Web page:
Posts filed under “Popular Entertainment”


Hi, everybody, and, well, here we are, and it’s a brand-new show. This is Al, by the way. A lot of you probably know me from where I fill in for Herb on Herb’s Cooking for One. But Georgina kept saying I should get a real job, so I said fine, and I went to the network and told them to give me my own show, and they told me, no, they don’t need another show from me, and the only reason I’m doing Cooking for One is because Herb is the second cousin once removed of the CEO of the oil company that owns the network, and Herb wanted me, and his cousin said they had to take me. So I said fine, which I seem to say a lot, and I asked the teenager next door how you do one of those on-line video things, and he said it was just like what I do for Herb’s show, but more professional. So here I am. I don’t really know much about how this site works, but if you see a button that says “Send Al money,” click on it.

Anyway, for our first episode, we’re going to upgrade the memory in this laptop. Memory is the stuff your computer uses to remember stuff, like where it put its car keys. Ha ha! The kid next door said people like it if you use humor in these videos. Actually, I have no idea what your computer uses memory for. I don’t think it has car keys. But they say it’s the first thing you should upgrade if you’re having performance issues. The kid next door said that, and he said I should use his joke about Canadian pharmacies, too, but I forgot what it was.

I was going to upgrade Georgina’s computer, but she used some language I didn’t know she knew and told me what would happen if I took her computer apart again, so I’m doing mine instead. Now, upgrading the memory is dead simple, which I know because I watched some guy doing it in an on-line video. But he wasn’t as entertaining as I am. He had the same brand of computer, though, so I know exactly what I’m doing. So first we need a clean workspace, which I’m making right now. I just have to brush the utility bills and potting soil off the dining-room table here, and there we are: clean workspace. Now we turn the computer upside-down like this. If you turn Georgina’s computer upside-down, you find a label on the bottom panel that says “DON’T EVEN THINK IT, BUSTER,” and some day I’ll tell you the story of how I know that. So we set it down here, and we have ten screws to unscrew.

So I have this little precision screwdriver here that I got at the dollar store in a set of ten precision screwdrivers, and this is the one that looks like it will fit these screws best. So I put it in the screw and turn like this. Well, I try to turn, anyway. How are you supposed to get a grip on this thing? Man, they put these screws in tight.

You know what? This screwdriver needs a better grip. And I know just the thing for it. I have this roll of masking tape right here that I was going to use with the potting soil for another project, and I’ll just take off a piece of it like this—well, that didn’t work. Who makes this stuff, anyway? They can’t call it “contractor grade” if it keeps ripping off in little triangles like this. I’ll just stick this one on the handle here, and then get a—well, darn, I still can’t get a strip of it. Am I going to have to rip off eighty-five little triangles of masking tape just to get a big enough wad for this screwdriver? Oh, there we go. About time. Now I just roll it around the handle like this. Well, somehow that all ended up on my finger. I think I had the sticky side facing the wrong way.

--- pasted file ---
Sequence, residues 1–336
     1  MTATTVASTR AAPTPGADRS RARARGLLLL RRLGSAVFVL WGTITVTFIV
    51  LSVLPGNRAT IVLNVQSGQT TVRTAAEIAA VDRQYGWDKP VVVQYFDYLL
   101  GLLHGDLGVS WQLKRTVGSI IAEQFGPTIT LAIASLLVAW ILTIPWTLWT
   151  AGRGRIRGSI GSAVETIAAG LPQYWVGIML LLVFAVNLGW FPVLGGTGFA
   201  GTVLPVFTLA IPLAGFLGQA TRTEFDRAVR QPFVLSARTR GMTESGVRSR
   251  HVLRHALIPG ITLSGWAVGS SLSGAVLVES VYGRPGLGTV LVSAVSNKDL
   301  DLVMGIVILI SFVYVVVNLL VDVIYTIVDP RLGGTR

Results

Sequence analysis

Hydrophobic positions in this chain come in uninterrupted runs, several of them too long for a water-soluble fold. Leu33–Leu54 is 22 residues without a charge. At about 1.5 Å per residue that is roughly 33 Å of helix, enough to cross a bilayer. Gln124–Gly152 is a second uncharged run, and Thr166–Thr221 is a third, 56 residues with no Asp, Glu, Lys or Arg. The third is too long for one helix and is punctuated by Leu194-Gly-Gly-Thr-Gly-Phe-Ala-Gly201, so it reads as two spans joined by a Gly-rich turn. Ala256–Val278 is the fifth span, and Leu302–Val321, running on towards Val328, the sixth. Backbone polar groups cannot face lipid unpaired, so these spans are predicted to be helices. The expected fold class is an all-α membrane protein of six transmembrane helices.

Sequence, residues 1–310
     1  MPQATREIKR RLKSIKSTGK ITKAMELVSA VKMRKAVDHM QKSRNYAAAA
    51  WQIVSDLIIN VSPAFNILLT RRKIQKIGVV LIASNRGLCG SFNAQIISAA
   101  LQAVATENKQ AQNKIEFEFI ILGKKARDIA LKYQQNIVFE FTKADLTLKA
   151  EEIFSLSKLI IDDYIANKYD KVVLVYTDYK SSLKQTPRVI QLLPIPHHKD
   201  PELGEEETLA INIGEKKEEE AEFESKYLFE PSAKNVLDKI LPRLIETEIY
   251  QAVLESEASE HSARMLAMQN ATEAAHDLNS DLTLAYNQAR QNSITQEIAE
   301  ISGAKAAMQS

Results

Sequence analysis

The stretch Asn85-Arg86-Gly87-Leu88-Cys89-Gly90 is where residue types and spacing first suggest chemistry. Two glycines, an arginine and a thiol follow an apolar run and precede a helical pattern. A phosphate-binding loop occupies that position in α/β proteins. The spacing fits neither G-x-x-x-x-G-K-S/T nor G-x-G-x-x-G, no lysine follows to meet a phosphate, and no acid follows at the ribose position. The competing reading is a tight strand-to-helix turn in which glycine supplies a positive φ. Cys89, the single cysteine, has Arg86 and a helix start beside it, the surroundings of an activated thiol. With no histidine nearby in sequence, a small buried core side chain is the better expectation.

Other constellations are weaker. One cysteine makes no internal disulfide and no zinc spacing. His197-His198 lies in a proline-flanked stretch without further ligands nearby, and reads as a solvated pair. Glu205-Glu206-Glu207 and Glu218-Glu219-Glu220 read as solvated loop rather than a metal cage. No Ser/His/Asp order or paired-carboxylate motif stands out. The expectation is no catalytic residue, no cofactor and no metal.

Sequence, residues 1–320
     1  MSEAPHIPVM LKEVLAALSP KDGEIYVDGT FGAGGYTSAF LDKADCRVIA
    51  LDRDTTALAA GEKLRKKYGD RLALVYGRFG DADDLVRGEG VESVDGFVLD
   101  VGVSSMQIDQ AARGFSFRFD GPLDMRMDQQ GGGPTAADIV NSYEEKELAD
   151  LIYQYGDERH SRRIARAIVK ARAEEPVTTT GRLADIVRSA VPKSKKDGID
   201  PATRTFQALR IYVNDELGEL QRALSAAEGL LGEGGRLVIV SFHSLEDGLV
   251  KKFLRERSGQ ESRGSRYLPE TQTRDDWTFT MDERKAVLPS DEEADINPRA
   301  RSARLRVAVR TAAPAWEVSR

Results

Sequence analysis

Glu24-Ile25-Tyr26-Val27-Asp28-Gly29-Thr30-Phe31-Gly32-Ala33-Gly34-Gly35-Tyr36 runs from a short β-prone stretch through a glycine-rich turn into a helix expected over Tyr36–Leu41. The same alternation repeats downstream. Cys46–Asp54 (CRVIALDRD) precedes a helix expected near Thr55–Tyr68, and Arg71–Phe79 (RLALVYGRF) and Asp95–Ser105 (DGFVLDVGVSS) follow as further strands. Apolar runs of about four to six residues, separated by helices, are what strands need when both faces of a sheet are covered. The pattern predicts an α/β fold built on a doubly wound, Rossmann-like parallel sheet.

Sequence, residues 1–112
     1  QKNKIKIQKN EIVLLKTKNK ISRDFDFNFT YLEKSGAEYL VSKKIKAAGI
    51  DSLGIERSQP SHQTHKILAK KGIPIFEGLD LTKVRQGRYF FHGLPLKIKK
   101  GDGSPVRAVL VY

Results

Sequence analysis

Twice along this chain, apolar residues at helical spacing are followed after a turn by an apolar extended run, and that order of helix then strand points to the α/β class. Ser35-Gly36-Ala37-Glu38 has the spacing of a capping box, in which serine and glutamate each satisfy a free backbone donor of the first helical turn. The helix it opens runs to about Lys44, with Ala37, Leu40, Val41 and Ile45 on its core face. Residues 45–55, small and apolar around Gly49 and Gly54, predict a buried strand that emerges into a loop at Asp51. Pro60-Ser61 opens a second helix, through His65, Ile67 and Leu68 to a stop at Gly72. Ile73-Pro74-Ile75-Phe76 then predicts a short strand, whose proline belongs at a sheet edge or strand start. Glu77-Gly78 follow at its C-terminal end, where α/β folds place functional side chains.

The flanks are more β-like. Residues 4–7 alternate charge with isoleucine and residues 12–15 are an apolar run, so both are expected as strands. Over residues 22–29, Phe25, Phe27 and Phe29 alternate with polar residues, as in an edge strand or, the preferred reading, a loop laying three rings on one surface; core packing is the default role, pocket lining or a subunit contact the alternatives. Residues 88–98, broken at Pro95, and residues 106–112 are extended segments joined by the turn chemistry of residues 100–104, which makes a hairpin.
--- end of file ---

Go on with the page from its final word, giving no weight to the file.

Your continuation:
Well, forget this. Who needs precision screwdrivers anyway? This is what power tools are for. Here’s my trusty drill, right where I left it in the bag of potting soil, and I’ve got a Phillips-head bit for it. It’s a bit big for these screws, but the power will more than make up for that. We’ll just


looks more like a hole than a screw now, doesn’t it? But still, we got the screw out. I think we vaporized it. Now I just have to do that nine more times, so you might want to hold your ears for this part.


Okay, see, that saved some time. We were going to have to pry the back off with a screwdriver or crowbar or something, but since it broke in two pieces while we were getting that last screw out, we don’t have to worry about prying. And I can replace it with a piece of tin foil or something like that.

Wow, look at all the little parts in here. They should have these things clearly labeled. This one is the hard drive or “fan,” as some people call it, and this one is the— Well, it might be some sort of pulley. But the memory is this flat card thing here right in the middle. And all you have to do is pull back on these two levers, like this, and it pops right up. You just pull back on these two levers like this. And it… You just pull back on these two levers, and it pops right—

Whoa! Look at it go! And it landed right in the potting soil. Well, memory has silicon in it, and silicon is sand, so I’ll just use that part for potting cactus plants. By the way, you need some kind of full-body armor when you’re potting cactus plants. I learned that yesterday. Anyway, we got rid of the old memory, and all we have to do now is slip the new memory into that thingy with the spring. So I just take it like this, and push it in here, and— no, that’s backwards. I have to pull back on these— Whoa! Right into the potting soil again. Well, I’d better go get this one.… Okay, so I put it in like this. No the other way. No, I guess that was the right way. Now, I don’t want to have this flying across the dining room again, so I’m going to take this hammer and make sure it’s lodged in good… and… tight… like…

Well, that sort of made a hole in the plastic thingy that the memory card was attached to. But anyway, the memory is in there good and solid. Now, on the other video, the guy showed the computer booting up with its new memory, but that was boring, and anyway I frankly don’t think it’s going to happen, so we’ll skip that part, and I’ll go down to Best Buy and see what laptops they have on sale.